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This discussion of the design and creation of successful major fragrances will deal with tbe subject from the standpoint of fragrance planning and evaluation by a major marketer. I see this as a creative process, not as a science, but as an art--an artistic process which should have as its end not only a work of beauty, but a fine product which will make a major contribution to the profit picture of its marketer.
The next 50 years will be an exciting and rewarding experience for this company and for the entire industry. As long as we look forward to providing the public with safe and effective products and are ready for the changes that take place in society, then our businesses will stay healthy for everybody concerned.
With this issue we complete the first year of publication of Perfumer & Flavorist. We will take this opportunity to report to our subscribers regarding the aims of this publication as well as the future plans.
In 1976, the Japanese fragrance and flavor industry handled products and imports of essential oils, fragrances, aromatic chemicals, and fragrances and flavors for food and cosmetics in a total quantity of 31,801 tons and a value of 79,126 million yen. At present, it is hard for us to give any definite prediction regarding the extent of the further growth which the fragrance and flavor industry will attain along with the development of related industries for food, cosmetics, toiletries, and other household items in the domestic market. The future is unclear, i.e., it can be forecast either to be very promising or to be a period of depression.
Presentation to the British Society of Perfumers on January 20, 1977. Perfumery is certainly an ISM (defined as any distinctive doctrine or practice) and I = innovation S = success M = motivation. AN of these are ours by creative thought and NFMs to make the perfume that “stands out from the crowd.”
British Society of Perfumers and Society of Cosmetic Chemists of Great Britain Third Joint Symposium--Report.
Every marketer of fragrances wants to understand perfumery, odors, and the vocabulary of the art. This can be accomplished best by a continuing series of educational seminars presented by fragrance suppliers. The seminars are not sales pitches, but are simply educational presentations with smelling samples to illustrate the notes and vocabulary. They are attended by people in marketing, market research, R & D, sales, etc.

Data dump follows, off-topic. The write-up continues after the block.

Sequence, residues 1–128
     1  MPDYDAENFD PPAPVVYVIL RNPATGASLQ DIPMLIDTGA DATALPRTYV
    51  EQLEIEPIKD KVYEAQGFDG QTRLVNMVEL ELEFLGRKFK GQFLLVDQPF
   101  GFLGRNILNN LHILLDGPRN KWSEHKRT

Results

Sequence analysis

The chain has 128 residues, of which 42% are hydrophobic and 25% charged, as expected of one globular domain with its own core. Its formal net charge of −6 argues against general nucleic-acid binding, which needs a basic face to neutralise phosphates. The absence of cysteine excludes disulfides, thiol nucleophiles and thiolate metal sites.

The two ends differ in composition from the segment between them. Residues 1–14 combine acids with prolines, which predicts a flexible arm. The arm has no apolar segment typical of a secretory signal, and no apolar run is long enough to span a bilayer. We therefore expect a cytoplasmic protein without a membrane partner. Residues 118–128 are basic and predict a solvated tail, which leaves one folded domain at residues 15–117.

Perhaps television is part of the answer. What the fragrance industry needs is stronger consumer acceptance, which can be generated by television. Tbe use of television as a vehicle to build stronger consumer acceptance will become much more meaningful in the next five years. The next five years will be much more interesting than the last thirty years
The fact remains that odors and fragrances can provoke both positive and negative responses. You in your role as purveyors of fragrance can build in many positive responses to a particular product.
The year is 1977; the place, New York City. The American perfumers, creators of fragrances, are gathered for their 23rd annual summit conference. There is an apparent problem with the direction of the men’s fragrance market. 1977 should he different from 1967 and 1957— and, hopefully, from 1987. But will it be? Will it be business as usual this year, or will someone plant seeds of doubt, question the usual, suggest the non or un-usual? Will someone seek out the new trends as well as dusting off the old patterns? Will someone, perhaps, see where we have been? Where we are? And, where we are going?